The Real Difference Between Active Dry Yeast And Nutritional Yeast

Despite sounding similar, active dry yeast and nutritional yeast are not the same things. So, what's the deal with that? They both have the word "yeast" in it, so they've got to be at least sort of similar, right? Maybe even interchangeable? The short answer: No, they're not at all interchangeable. But before we get into what makes them so different, let's talk about what yeast is in general.

Yeast is a one-celled organism, called Saccharomyces cerevisiae, according to The Spruce Eats, and a warm environment and moisture are imperative in order for it to live. "It converts its food — sugar and starch — through fermentation, into carbon dioxide (CO2) and alcohol," (via The Spruce Eats). 

There are two primary categories of yeast: brewer's yeast and baker's yeast. Within those two categories are eight varieties: Active dry, fresh, liquid, and instant are used in baking, yeast extract and nutritional are used in cooking, and top-fermenting and bottom-fermenting are used in brewing, cites another article from The Spruce Eats. Of those different types, we're going to be comparing active dry and nutritional.

How these two yeasts are made and used

If you're making bread or another type of baked good, chances are the recipe will call for active dry yeast. Active dry yeast "requires dissolving in a warm liquid to activate it," according to The Spruce Eats. Emphasis on the word "warm," though. Anything hotter than 110 degrees Fahrenheit will actually kill it. If you're looking for something to make with that active dry yeast that has been sitting in your cabinet or refrigerator, say hello to copycat Olive Garden breadsticks.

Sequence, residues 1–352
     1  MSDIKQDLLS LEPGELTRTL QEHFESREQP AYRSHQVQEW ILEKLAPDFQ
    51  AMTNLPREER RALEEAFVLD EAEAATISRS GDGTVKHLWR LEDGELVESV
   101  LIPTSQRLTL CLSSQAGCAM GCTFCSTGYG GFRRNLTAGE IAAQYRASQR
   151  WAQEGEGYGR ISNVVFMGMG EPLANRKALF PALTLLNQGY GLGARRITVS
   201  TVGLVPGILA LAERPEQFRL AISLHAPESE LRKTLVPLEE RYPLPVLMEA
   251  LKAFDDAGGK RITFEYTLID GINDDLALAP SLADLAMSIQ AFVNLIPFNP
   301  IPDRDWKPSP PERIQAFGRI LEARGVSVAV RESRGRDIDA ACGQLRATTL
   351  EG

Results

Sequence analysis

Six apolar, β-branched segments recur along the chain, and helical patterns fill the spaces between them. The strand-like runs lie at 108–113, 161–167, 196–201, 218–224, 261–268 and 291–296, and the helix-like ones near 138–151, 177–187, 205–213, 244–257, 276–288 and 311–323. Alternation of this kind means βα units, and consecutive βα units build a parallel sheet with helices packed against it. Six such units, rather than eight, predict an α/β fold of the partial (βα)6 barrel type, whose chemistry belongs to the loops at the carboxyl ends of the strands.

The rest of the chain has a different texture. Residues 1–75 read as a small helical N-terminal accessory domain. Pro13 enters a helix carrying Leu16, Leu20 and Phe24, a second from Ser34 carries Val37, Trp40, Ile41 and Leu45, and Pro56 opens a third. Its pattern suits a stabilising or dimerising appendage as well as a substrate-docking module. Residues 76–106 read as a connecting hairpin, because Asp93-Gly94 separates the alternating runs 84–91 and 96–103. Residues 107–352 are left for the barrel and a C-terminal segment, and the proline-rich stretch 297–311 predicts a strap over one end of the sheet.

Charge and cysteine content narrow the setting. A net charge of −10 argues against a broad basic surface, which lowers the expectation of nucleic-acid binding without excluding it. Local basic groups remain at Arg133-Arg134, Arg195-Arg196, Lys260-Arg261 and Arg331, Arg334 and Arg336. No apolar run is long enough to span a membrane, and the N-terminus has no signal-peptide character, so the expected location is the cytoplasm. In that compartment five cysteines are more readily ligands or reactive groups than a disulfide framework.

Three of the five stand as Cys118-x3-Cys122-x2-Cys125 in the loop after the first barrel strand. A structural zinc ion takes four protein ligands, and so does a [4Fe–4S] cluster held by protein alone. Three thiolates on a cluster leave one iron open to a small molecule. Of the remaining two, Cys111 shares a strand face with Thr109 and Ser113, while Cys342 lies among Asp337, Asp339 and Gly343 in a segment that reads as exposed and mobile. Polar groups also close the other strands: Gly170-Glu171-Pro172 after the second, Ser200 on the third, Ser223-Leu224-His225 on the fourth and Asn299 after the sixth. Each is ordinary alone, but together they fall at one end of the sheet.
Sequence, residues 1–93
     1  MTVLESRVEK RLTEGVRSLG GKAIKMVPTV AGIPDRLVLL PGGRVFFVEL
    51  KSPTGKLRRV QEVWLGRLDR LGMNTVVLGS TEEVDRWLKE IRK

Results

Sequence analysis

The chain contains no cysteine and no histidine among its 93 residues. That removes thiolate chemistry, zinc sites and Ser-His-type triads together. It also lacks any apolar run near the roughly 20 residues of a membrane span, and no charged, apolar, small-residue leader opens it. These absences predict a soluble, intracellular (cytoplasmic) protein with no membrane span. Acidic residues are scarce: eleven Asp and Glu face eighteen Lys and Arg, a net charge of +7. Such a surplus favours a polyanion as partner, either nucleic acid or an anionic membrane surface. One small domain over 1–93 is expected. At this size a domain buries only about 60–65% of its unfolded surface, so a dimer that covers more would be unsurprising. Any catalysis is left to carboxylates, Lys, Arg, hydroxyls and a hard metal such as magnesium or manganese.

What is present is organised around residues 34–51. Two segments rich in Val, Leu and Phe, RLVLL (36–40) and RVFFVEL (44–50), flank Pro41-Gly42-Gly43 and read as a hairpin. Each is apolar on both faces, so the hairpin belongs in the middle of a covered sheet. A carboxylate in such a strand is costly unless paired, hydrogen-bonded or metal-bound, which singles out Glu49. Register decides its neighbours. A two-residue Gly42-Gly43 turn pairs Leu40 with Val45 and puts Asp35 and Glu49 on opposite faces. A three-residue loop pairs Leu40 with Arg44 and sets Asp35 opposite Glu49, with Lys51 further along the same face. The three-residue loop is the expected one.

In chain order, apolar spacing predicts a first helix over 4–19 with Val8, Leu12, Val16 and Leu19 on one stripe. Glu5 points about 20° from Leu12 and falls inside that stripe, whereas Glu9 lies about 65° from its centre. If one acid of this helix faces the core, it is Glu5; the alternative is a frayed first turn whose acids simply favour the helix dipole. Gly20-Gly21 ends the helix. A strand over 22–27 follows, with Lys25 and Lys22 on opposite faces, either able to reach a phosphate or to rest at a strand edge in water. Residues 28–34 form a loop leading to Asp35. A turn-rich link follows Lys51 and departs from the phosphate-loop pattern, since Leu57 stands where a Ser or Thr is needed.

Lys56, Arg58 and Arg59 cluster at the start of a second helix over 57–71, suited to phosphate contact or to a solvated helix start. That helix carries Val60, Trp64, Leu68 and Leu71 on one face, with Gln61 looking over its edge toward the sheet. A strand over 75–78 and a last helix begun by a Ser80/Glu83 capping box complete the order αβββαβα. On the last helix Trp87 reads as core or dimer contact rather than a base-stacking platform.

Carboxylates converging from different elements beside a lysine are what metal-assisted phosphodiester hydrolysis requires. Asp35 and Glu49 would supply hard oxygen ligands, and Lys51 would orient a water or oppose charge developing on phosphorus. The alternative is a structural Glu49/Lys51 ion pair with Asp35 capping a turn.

Nutritional yeast, on the other hand, is a "dead" yeast, according to Bon Appétit, that's usually used to provide a creamy texture and cheese-like flavor on things like pasta and popcorn. And as The Spruce Eats explains, nutritional yeast is pretty low maintenance and doesn't require any proofing before adding it to a recipe since it's not live. You can pretty much just toss it as-is in something like mac and cheese or use it to make a savory, vegan-friendly cashew cheese.

Nutritional differences between active dry and nutritional yeast

Livestrong writes that you can only gain benefits from active dry yeast after proofing and baking it. One tablespoon (which makes approximately one to two loaves of bread) touts "5 grams of protein, 5 grams of carbohydrates, and 3 grams of fiber. It also offers small amounts of calcium, B vitamins and potassium," according to Livestrong. While it certainly contains some nutrition, the outlet explains that it's rather insignificant in the grand scheme of your dietary needs.

Now, onto nutritional yeast — one tablespoon features "6 grams of protein, as well as the 5 grams of carbs and 3 grams of fiber," (via Livestrong). Contrary to active, dry yeast, nutritional yeast is often fortified with B12 (although, this isn't always the case; don't forget to read the ingredient list). When fortified with B12, nutritional yeast can be super beneficial for vegans and vegetarians who might not normally get enough of the vitamin in their diet.